The sixth VOST instance was in support of the January 2012 northwest floods and severe weather that affected Oregon. (Recovery efforts are ongoing.) In this instance, while we operated and shared crisis data during the flood event, the goal was to support not only response phase efforts, but also to assemble information that would support and streamline both short and long-term recovery phases of the disaster. VOST members located social media and conventional contacts for affected counties, started a map for locating hard hit areas as seen in media accounts, started a Storify media curation/archive, and saved useful info and resources so that Oregon VOAD***** could develop a plan for dealing with a multi-county flood recovery effort. (ongoing at the time of this writing.). This really has turned in to two efforts; one was the initial collection of all data by the VOST – and the subsequent attempt to engage ORVOAD members in the use of this collaborative tool for sharing information amongst themselves. One VOST member (@TheRedElm) even helped me with note-taking during a complex ORVOAD conference call with lots of attendees. We both worked on the notes in a collaborative Google doc.


Each of the above VOST instances really needs to have its own unique story told, but I wanted to get this out there before we get too far away from the early efforts to get the discussion started. People on the #SMEM hashtag have been wondering what #VOST is about, so I hope that provides a little of the background.

Applying the VOST concept to a disaster of catastrophic scale is not difficult to imagine. I see myself getting on site to my county EOC after a major earthquake, where I know I will only be able to process so much crisis data by myself or with a couple of helpers. But, if I am able to utilize a VOST  I could contact my trusted agents and ask for help in processing this data. (Some of us are discussing MOUs so that the VOST can self-deploy in case contact is not immediately possible.) Perhaps some people are trapped in their home, unable to make a voice call, but they can get a text message out via twitter, or a text message to someone who then posts it to facebook.  VOST members can search for these cries for help on twitter, and help to sift that data out and pass it on so that I can relay it to those who can help.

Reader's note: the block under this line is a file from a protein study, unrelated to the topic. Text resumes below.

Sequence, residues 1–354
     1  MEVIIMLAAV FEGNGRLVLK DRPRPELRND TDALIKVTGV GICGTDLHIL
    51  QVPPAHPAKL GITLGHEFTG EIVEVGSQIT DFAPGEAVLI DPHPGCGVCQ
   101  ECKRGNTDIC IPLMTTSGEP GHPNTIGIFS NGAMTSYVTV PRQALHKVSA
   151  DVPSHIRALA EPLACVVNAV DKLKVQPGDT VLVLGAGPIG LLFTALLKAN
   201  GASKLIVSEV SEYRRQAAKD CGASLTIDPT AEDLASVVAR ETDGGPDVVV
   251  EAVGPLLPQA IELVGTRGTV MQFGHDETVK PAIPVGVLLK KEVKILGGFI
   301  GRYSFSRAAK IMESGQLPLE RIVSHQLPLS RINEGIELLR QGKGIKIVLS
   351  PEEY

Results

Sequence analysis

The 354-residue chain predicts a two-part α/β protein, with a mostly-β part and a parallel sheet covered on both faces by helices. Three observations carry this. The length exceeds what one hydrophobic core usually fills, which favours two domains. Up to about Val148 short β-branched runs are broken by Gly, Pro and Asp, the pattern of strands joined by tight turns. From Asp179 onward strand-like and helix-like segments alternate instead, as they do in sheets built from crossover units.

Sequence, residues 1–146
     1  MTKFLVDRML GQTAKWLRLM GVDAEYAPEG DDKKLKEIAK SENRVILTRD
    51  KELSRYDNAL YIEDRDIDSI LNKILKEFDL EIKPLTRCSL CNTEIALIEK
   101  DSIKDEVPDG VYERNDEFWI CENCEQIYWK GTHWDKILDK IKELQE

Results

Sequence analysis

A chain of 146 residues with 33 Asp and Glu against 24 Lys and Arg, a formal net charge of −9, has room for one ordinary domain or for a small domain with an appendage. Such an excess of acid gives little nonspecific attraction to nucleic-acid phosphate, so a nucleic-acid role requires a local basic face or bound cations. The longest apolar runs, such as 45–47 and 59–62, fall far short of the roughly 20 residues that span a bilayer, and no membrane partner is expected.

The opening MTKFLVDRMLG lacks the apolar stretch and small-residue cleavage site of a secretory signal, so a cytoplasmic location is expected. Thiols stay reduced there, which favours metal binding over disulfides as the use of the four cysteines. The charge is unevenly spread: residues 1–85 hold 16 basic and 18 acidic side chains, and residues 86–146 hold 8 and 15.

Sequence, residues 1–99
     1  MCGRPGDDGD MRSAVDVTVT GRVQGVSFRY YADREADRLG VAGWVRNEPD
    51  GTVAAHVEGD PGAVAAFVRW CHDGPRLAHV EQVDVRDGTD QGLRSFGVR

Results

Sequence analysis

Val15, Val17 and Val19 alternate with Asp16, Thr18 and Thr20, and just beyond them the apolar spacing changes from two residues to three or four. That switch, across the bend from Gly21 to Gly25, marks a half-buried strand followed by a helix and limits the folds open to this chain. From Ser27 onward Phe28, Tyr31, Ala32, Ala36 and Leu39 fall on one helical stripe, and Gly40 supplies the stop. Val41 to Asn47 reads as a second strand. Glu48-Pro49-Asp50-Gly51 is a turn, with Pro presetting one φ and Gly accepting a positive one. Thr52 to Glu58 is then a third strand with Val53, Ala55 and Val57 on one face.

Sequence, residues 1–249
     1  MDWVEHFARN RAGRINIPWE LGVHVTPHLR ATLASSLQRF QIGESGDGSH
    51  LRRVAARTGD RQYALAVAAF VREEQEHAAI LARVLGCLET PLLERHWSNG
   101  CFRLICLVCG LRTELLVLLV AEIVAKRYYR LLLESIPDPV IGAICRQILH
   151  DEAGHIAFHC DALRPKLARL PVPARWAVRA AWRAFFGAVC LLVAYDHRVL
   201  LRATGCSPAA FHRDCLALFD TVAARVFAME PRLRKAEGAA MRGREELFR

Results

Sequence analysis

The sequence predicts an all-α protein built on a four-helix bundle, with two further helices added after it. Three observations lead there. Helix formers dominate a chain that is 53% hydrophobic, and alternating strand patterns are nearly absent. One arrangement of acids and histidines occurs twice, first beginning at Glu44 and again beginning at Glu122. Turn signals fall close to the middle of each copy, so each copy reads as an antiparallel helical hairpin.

* We follow each other on twitter and gather on twitter; “#SMEM” is the hashtag for Social Media in Emergency Management – we also hold regular twitter chats on the #SMEMchat hashtag at 12:30EST every Friday – all are welcome!

** you will also occasionally see VOSG being used; this stands for “Virtual Operations Support Group” and is used when an “instance” – or operation – becomes big enough to require more people than can be managed; at that point one or more additional VOS Teams will be created, and the Teams will all be part of a VOSG, Or VOS Group, and will be managed following standard ICS guidelines.

*** I want to mention that I’ve been only been heavily engaged in social media use in disasters for about a year and a half now. That was about the time that I realized (by viewing the Red Cross Crisis Data Summit) how important social media was becoming in all phases of disaster. I’m sure that there are others that need to be acknowledged as innovators and originators in this work, but I’m basing this piece on what I know, so please feel free to fill in the back story in comments. I want to acknowledge both Jeff Phillips, and Heather Blanchard of Crisis Commons as the people that I first heard use the terms Virtual Operations Support” as applied to Emergency Management, and “DOC or digital operations center”.

**** a much more thorough academic study will soon be available on the Shadow Lake Fire “VIOS” (virtual information operations support) instance, and I also hope that others including Jeff Phillips, Cheryl Bledsoe and others will share their views on this and other VOST efforts.

***** ORVOAD is Oregon Voluntary Organizations Active in Disaster, a group of faith-based and community service groups who assist those affected by disasters with long-term recovery.

LINKS to VOST Info & Resources:

December List: Partnerships Toward Safer Communities and Patrice Cloutier

Post by: Kim Stephens

The best of SMEM: The Canadian virtual emergency management community.  

One aspect social media that I like to talk about to skeptical emergency managers is its ability to facilitate professional development. This isn’t just true of emergency managers but for all professions.  David Carr of the New York  Times described in an NPR interview the role social networks play in his ability to understand what information is important. “It serves to edit what’s going on in the world, and it puts a human curation on this huge fire hose of data that’s washing over us all,” he says. “The question becomes where to look, and it’s nice to have some other people pointing the way.”  It always makes me disheartened to hear about public agencies that have completely walled off access to these sites for staff out of fear that people will waste time or compromise the computer system. That kind of fear really demonstrates a complete misunderstanding of the value these tools can provide.